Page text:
At the schools, we’ve talked about the kids’ growing “emotional keyboard,” and our role as mentors in teaching the kids how to express themselves. This wheel might be a great tool to use to help your mentee put words on … Continue reading →
Here is a great resource on how to draw practically anything – this can be useful both for mentors discovering their artistic side, and for mentees that want to push themselves a little further! This series is inspired by children’s books, and includes tips on drawing alien invasions, thumbprint finches (check it out), sloths, anything really…
This is what I mean by thumb finch. Now say “thumb finch” very fast 5 times.
Montreal is famous for its cultural scene, and while as students we may be very busy, it would be a crime not to spare an afternoon or an evening per semester to enjoy what the city has to offer.
The magazine VOIR’s cultural calendar lists theatre productions, art exhibits, concerts and more on a daily basis. The calendar itself is in French, but a few of its listings are of English-language shows, while the links to art exhibits are usually in both French and English.
The English-Language Arts Network is a fantastic resource to discover English-speaking artists from Montreal and Quebec, and also to keep up with events within the anglophone artistic community.
A personal favourite of mine is the famous Belgo Building, just a few minutes’ walk away from McGill’s downtown campus, and filled with dozens of art galleries and artists’ studios – you can just walk in and explore new talent. To know more about what goes on in the Belgo, you can check out their gorgeous website, The Belgo Report.
“Conte de fée” by Mirana Zuger, exhibited at L’Espace Robert Poulin in the Belgo in 2014
VOLCANOES. They’re so cool, right? Not from up close, of course. I’m pretty sure your mentee would agree with you.
Here is an incredibly detailed article from The Guardian elaborating on the myriad ways for you and your mentee to learn about volcanoes together (with links). As this is a UK Newspaper, you might have to make a few adaptations to make their suggestions more relevant to our context – such as which volcanoes are closest to Canada, for example.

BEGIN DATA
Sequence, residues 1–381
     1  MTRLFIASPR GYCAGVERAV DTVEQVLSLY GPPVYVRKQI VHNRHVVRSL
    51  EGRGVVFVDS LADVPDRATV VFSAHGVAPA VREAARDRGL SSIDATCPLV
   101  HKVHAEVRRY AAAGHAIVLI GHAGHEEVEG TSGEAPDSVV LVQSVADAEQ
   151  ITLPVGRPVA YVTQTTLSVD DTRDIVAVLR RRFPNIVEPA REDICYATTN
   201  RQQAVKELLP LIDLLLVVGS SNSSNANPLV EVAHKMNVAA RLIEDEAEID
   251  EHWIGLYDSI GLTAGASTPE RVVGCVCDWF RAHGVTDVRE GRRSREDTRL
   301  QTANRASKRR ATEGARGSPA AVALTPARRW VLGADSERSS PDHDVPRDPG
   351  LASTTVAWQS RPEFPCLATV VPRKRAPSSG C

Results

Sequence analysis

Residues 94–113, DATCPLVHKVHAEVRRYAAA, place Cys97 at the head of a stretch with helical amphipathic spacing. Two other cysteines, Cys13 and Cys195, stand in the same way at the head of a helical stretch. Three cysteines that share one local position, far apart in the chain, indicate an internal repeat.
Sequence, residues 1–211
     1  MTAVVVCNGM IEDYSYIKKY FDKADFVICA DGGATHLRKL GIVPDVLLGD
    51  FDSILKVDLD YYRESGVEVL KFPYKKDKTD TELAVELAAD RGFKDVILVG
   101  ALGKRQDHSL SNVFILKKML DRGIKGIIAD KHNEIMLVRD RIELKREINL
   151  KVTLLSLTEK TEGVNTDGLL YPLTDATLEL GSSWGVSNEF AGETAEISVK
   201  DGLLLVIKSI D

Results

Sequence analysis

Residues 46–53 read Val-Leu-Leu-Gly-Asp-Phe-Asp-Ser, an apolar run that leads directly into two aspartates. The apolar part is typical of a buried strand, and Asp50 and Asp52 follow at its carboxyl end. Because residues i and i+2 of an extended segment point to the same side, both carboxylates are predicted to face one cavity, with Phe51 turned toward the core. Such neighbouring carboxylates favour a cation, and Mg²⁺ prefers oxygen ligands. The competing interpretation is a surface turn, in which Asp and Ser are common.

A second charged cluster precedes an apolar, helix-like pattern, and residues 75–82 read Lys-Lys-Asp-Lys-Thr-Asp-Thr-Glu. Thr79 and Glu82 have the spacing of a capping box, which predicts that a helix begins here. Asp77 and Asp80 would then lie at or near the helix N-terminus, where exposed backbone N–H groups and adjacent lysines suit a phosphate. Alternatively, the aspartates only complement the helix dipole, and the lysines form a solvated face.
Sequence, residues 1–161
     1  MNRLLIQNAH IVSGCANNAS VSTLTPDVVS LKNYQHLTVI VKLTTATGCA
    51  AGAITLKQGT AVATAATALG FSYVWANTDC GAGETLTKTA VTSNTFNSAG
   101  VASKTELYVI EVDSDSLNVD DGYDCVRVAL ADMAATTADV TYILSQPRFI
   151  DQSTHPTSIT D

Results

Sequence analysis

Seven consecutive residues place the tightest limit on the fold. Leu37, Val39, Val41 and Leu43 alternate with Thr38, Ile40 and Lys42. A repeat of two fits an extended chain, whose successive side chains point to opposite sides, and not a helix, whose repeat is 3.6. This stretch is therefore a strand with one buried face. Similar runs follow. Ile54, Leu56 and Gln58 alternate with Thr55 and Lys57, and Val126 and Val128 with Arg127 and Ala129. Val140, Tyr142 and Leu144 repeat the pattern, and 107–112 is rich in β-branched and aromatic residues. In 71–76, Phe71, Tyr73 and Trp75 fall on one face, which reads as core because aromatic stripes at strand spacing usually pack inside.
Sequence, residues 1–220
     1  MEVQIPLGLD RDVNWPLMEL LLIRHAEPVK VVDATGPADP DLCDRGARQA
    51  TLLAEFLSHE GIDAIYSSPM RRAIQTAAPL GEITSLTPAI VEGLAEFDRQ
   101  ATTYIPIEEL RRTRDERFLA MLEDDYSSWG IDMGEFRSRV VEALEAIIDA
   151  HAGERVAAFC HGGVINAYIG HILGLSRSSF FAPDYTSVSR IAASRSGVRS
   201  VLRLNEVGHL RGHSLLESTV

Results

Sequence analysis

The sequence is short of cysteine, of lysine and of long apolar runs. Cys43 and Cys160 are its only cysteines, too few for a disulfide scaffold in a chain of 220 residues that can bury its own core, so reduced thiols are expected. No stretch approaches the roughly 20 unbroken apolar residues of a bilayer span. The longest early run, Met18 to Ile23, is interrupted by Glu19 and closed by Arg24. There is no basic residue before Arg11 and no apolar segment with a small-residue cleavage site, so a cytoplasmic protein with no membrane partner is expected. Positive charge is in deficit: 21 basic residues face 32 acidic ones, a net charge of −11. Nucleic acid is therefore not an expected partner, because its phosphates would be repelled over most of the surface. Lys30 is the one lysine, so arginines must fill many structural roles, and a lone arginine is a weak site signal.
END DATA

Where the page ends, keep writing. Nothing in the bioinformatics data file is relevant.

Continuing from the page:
One thing the article fails to mention is the mythology behind volcanoes. Many cultures have specific myths and stories about volcanoes – if your mentee is into it, a cool project would be to look up and compare these myths!
It’s getting a little toasty here, don’t you think?
Guest post by Elizabeth Bogart, HZ volunteer and Daycare Coordinator for HZ’s Spag Nights
The second Spaghetti Night of the new year is this Thursday!
As the Daycare Coordinator for HZ’s Spaghetti Nights, I look forward to the first Thursday of each month–it is always the highlight of my week.
It’s great to see the bond between the children and our volunteers grow stronger as both keep coming back to Spaghetti Nights every month. In January we had over 20 children come to our event with their parents! There were a couple intense matches of hockey and soccer in the gym and some pretty crafty origami took place upstairs.
This week, we’re lining up some themed activities for Spaghetti Night, as it’s almost Valentine’s Day! Baking might also be in the cards for this Thursday. In all, it will be yet another entertaining evening–just perhaps more pink than usual!
Here’s another great pre-writing activity that uses a thesaurus to help strengthen vocabulary choices. Why is this important? Because kids have a tendency to use the same words over and over when they write. A carefully chosen synonym will add sparkle to any writing assignment. By teaching your children to choose appropriate synonyms, you’ll help them expand their writing vocabulary, making their compositions, reports, and poems much more fun to read
The vast majority of Homework Zone’s volunteers aren’t native to Montreal, and many use the program as an opportunity to break out of the dreaded McGill Bubble. This is one of many posts that should keep you abreast of Montreal life – mais il n’y a rien de mieux que d’apprendre un peu plus de français!
We’ve touched on the topic of emotional intelligence during the Orientation and even in some of the schools. This NPR report delves more deeply in the issue, exploring two new-ish programs in the U.S. designed to teach emotional intelligence: how to interpret one’s own feelings, how to communicate them to others, and how to recognize discomfort in others. Even as adults, we still learn how to do that!
From The Atlantic, a nice reflection piece on the importance of valuing the joy of learning. You can read here.
Here’s an excerpt:
Building on a child’s ability to feel joy, rather than pushing it aside, wouldn’t be that hard. It would just require a shift in the education world’s mindset. Instead of trying to get children to buckle down, why not focus on getting them to take pleasure in meaningful, productive activity, like making things, working with others, exploring ideas, and solving problems? These focuses are not so different from the things to which they already gravitate and in which they delight.